Here one can purchase 5,000 of said seeds for $830

     

    http://www.johnnyseeds.com/vegetables/tomatoes/cocktail-tomatoes/mountain-magic-f1-tomato-seed-2513.html

     

    Google suggest that there are roughly 120,000 - 190,000 cherry tomato seeds per pound.

     

    Which puts it roughly at $25-30K/lb

     

    Still a nice chunk of change!

     

    If you want an amazingly sweet and fairly low acid cherry, check out 'Sweet Orange Cherry tomatos' - I grow them every year and they are the nearest thing to candy grown on a vine.

     

     

    Weren't my figures, the price was from Wikipedia citing NPR:

    https://en.wikipedia.org/wiki/Campari_tomato

     

    My guess is the that the price has gone down a bit over time since the variety was introduced.

     

    In addition to Mountain Magic this year I am growing Ramapo and Atlas.  I must say Atlas has huge tomatoes for a smallish plant.  None red yet though.

     


  8. Following a lovely zombie, @Wolfert's chicken mechoui from Food of Morocco.  A favored dish that requires I drag out my Farberware rotisserie.  Baked potato and ken cut cabbage which some may denigrate as coleslaw.  Picture was intended but it didn't happen.

     

    • Like 4

  9. 1 hour ago, scott123 said:

     

    Could it be this?

     

    As Paul pointed out, if you're the right candidate (hot enough oven, broiler in the main compartment), steel is better than iron or stone. Here is my guide to sourcing steel locally.

     

    https://www.pizzamaking.com/forum/index.php?topic=31267.0

     

    @scott123 thank you for the link!  However you have me confused with someone who knows what they are doing.  My desire is to bake pizza (as well as bread) in my Cuisinart Steam Oven, a small toaster oven.  A small toaster oven with steam and convection bake.  Forgive me if you are familiar with this miraculous device.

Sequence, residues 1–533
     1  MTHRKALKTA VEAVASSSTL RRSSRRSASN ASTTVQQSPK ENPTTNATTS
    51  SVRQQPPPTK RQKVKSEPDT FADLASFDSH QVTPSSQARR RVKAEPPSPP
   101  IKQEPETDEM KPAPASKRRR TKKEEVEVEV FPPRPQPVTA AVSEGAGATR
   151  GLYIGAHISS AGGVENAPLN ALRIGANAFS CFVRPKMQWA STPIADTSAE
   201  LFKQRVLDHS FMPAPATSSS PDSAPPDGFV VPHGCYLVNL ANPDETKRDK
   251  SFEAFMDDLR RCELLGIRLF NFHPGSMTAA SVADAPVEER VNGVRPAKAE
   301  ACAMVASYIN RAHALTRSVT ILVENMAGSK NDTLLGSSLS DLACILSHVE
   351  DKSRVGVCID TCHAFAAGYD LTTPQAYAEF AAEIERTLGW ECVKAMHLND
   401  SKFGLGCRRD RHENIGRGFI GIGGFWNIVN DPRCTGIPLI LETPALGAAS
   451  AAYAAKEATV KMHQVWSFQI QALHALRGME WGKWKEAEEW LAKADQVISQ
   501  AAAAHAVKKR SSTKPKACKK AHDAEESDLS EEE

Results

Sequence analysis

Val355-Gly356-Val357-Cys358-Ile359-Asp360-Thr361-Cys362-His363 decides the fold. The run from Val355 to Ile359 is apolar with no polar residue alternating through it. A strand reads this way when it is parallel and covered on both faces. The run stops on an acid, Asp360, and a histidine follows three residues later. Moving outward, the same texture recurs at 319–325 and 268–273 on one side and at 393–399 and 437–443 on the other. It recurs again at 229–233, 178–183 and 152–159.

I've achieved almost acceptable pizza from my DeLonghi griddle but the crust ends up crisper than I'd like.  For better or worse the CSO heats only to 450 deg F.  But the broiler goes higher.  Pizza stones don't thrill me (I have one) and I am thinking of purchasing a 10 inch by 10 inch steel sheet which will fit the CSO.

     

    My main oven goes much higher than the CSO but I am an old woman turning 70 this summer and the idea of thick steel much larger than 10 by 10 inch turns me off exceedingly, gender bias or no gender bias.

     

    The plan is that I can compensate for lower oven temperatures by higher hydration dough.  Thoughts?

     


  10. 4 hours ago, Smithy said:

    That just looks like good food. Have you had the Kumatos before? I have been disappointed in them the once or twice I've tried them, but they're popular enough that I may have gotten bad batches. I go for Camparis whenever possible, except during Fresh Real Local Tomato Season (coming soon to these north woods, I hope). 

     

    I have a couple Kumatos in my bedroom at the moment. They are usually OK.  I may have them for dinner.  I only recall one container of Kumatos that didn't have much flavor.